Imagine not being able to swim or even take a shower without unbearable, itchy hives popping up on your skin. (Photo: Alexandra Allen)
While few people have heard of aquagenic urticaria, also known as an allergy to water, it is a real condition. Alexandra Allen, a 17-year-old from Mapleton, Utah, is one of the people diagnosed with this incurable condition. The teen noticed her first severe reaction to water when she was 12 years old during a family vacation, ABC News reports. Allen recalls swimming in a pool and then waking up later that evening itching and covered in hives. What she thought initially was a chlorine allergy turned out to be something much different. At age 15, Allen came across a story about aquagenic urticaria on the Internet and brought her research to her doctor’s attention. She fit the profile perfectly to her doctor’s amazement. Allen notes on her blog that she is a whole person despite the challenges her water allergy creates in her life.
“There will be days when you lay in bed covered in hives or whatever your symptoms may be and think that maybe I’m a mess up, a flaw in the assembly line of humanity, a printing error in the contract of life,” writes Allen on her blog.
(Photo: Alexandra Allen)
“I would like to say that I am not the only one with this illness, and there are [a] great deal of other illnesses like it,” she writes. “I am willing to speak out about it and let my story become one of these news-cycle fads because I know that somewhere there is a fourteen-year-old girl who can’t go swimming with her friends when they invite her. And I know that she feels freakish.”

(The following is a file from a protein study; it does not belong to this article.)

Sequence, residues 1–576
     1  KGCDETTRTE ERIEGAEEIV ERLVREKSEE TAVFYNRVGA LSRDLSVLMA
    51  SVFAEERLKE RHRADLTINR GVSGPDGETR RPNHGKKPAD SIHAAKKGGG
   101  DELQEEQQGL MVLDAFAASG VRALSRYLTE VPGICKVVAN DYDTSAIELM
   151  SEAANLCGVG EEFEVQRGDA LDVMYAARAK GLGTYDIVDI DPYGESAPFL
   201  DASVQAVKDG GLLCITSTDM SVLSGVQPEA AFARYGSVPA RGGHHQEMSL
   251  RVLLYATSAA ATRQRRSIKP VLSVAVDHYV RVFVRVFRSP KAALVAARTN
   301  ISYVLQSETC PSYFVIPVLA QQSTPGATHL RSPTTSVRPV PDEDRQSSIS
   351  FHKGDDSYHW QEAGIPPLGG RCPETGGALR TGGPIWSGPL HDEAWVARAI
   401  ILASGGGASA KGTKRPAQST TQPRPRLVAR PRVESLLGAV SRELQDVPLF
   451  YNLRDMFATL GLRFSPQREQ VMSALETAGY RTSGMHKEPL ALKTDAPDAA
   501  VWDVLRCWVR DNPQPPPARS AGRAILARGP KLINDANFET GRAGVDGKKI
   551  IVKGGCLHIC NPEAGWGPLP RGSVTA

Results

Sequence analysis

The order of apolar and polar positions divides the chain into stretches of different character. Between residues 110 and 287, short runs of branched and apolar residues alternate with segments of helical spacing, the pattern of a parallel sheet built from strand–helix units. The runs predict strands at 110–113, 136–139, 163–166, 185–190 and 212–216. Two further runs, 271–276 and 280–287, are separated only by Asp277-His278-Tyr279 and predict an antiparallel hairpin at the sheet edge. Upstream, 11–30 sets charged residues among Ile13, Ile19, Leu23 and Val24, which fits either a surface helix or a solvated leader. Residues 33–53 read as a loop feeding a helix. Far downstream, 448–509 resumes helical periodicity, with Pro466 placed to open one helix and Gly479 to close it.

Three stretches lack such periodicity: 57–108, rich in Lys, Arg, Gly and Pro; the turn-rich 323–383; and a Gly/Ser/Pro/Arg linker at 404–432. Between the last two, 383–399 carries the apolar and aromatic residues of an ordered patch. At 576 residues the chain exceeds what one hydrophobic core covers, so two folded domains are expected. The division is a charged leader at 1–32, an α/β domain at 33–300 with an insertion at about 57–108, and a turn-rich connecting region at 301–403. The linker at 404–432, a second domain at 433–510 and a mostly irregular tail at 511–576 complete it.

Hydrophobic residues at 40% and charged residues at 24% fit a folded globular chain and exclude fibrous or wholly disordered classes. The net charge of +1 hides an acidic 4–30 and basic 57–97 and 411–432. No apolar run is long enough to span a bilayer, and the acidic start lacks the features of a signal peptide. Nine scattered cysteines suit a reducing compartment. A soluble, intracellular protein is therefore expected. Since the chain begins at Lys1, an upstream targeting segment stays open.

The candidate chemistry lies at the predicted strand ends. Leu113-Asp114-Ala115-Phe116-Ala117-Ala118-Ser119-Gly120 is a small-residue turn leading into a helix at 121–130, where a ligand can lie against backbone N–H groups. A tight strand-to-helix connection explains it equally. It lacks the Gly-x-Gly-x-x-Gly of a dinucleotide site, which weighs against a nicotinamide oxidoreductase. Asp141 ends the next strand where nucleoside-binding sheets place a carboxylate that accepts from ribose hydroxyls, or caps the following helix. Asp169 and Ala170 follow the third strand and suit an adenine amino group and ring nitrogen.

Urticaria literally means “hives.” Aquagenic urticaria is a form of “physical urticaria” that causes small hives or wheals of edema when water touches the skin. Normal activities such as showering, crying, or getting wet from rain can cause a reaction. These outbreaks are often itchy and red, they burn, and can be painful. Within minutes of water exposure, hives, rash, or erythema (redness of the skin) may appear. “Individual hives last 24 hours or less. However, the course of a hive episode may be days to weeks, but usually there is spontaneous resolution when the response ‘burns out,’” Lawrence Eichenfield, MD, chief of pediatric and adolescent dermatology at the University of California, San Diego, tells Yahoo Health.
While Allen’s condition may seem like an unusual case, generally, urticarias aren’t so rare, Eichenfield says. “We really don’t know how rare aquagenic urticaria is. People will commonly have hive responses, often to infections, drug reactions, or allergies, or as part of an allergic response to food or environmental allergens,” he adds. Since Allen’s story broke, numerous people have commented online about their forms of urticaria.
A doctor can diagnose aquagenic urticaria by applying tap and distilled water to the skin and watching for a reaction. The cause of the condition remains a mystery, but patients can tame aquagenic urticaria reactions with antihistamines. “Other therapies can be considered for more serious cases, such as those associated with extracutaneous manifestations [manifestations beyond the skin response], such as headaches,” says Eichenfield.
Thankfully, drinking water does not cause a reaction. “Obviously that would be bad!” Eichenfield says. “I am unaware of anyone ever reporting this. It is a different kind of response than a ‘classic food allergy.’”
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